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December 7th, 2016
By: Congressman Seth Moulton (D-MA)
Retired Marine general James Mattis was my division commander in the Marines, and the first time I heard him speak was in the windswept Kuwaiti desert on the eve of the invasion of Iraq. Standing atop his Humvee, he told us how he planned to duct tape Saddam Hussein to the front of the truck when we got to Baghdad and drive around the city — and we eager young Marines roared with approval.
This is the kind of story that earned Mattis his nickname “Mad Dog,” and the kind of bravado that attracted President-elect Trump to select him to serve as secretary of Defense.
The good news for our country is that Trump has Mattis all wrong.
The first sign was when Trump expressed surprise after their first meeting that Mattis isopposed to torture. Since then, it has come out that Mattis is, like most foreign policy professionals on both sides of the aisle, opposed to Trump’s desire to rip up the Iran deal. The agreement is far from perfect, but the restrictions and inspections it places on Iran are far better than nothing at all.
In fact, when you get to know Mattis, you quickly learn that he is one of the most thoughtful strategic thinkers we have. A true “warrior scholar,” he co-authored with David Petraeus the counter-insurgency doctrine that turned around the war in Iraq. He’s exceptionally well-read — he assembled a library of nearly 7,000 volumesand can cite passages at will. And most importantly, he’s a truly moral leader.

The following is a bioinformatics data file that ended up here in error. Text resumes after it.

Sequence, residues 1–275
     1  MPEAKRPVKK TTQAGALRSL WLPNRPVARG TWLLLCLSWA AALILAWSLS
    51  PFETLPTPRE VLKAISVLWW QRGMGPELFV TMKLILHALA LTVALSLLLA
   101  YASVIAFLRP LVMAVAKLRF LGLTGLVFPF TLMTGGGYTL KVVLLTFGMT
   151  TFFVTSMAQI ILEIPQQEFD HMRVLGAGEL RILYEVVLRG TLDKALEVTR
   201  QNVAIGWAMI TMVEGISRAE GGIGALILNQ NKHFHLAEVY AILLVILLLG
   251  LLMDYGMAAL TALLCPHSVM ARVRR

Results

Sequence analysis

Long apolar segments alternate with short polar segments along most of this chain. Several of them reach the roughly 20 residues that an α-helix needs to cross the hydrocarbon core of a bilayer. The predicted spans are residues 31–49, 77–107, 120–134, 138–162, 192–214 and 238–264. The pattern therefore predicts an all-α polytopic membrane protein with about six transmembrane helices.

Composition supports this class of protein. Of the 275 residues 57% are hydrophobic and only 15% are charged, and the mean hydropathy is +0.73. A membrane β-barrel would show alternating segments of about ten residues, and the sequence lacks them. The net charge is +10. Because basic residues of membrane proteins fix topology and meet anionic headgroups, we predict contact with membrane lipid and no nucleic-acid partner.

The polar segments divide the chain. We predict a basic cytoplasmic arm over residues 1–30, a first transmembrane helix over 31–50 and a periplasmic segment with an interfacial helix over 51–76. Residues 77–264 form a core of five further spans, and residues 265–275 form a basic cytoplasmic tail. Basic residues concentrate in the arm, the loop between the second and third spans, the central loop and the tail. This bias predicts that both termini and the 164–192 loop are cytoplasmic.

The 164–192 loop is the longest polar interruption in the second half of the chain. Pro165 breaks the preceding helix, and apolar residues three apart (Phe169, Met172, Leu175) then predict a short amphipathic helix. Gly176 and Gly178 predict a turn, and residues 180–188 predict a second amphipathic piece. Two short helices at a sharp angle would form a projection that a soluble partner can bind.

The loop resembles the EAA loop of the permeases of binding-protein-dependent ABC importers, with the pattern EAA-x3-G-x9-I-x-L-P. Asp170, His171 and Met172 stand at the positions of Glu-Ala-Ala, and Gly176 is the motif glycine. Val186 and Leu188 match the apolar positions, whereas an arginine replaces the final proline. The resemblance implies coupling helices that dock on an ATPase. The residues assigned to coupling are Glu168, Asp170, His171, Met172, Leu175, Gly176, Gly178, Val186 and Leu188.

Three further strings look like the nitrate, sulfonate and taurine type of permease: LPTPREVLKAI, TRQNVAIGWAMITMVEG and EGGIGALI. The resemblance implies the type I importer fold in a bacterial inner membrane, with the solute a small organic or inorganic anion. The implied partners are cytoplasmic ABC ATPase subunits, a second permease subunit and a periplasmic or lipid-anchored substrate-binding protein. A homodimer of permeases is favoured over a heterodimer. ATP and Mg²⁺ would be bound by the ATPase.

On the eve of the Iraq invasion, Mattis offered us far more than tough talk. He also reminded us to engage our brains before our weapons, and treat all noncombatants with decency, chivalry, and compassion. He reminded us of the fundamental rights and values for which America stands, and he has never accepted compromising those values even in the brutal pursuit of killing our enemies.
There are legitimate concerns about his nomination when it comes to the fundamental principle of civilian control of the military. The law requires a former service member to wait seven years before serving as secretary of Defense, and Mattis retired only three years ago. It’s our job in Congress to seriously debate whether to grant an exemption to current law. The importance of this principle merits a standalone bill, not an attempt to shoehorn an exemption into a larger government funding bill as currently planned.
Should the exemption be approved, it would not be without precedent. The last time it was done was on behalf of Democrat Harry Truman, who named George Marshall his Defense secretary in 1950 — less than five years after his retirement from the Army.
Amidst a cabinet that is shaping up to be nearly as unqualified as our new president, including a secretary of Education who has never attended a public school and a Treasury secretary who made millions off foreclosures at the height of the financial crisis, Mattis stands out as a remarkably qualified leader, and I know he is someone who will actually stand up to President Trump. Before Trump realizes this himself, Democrats would be wise to have this debate and then grant an exemption to confirm him as our next secretary of Defense.
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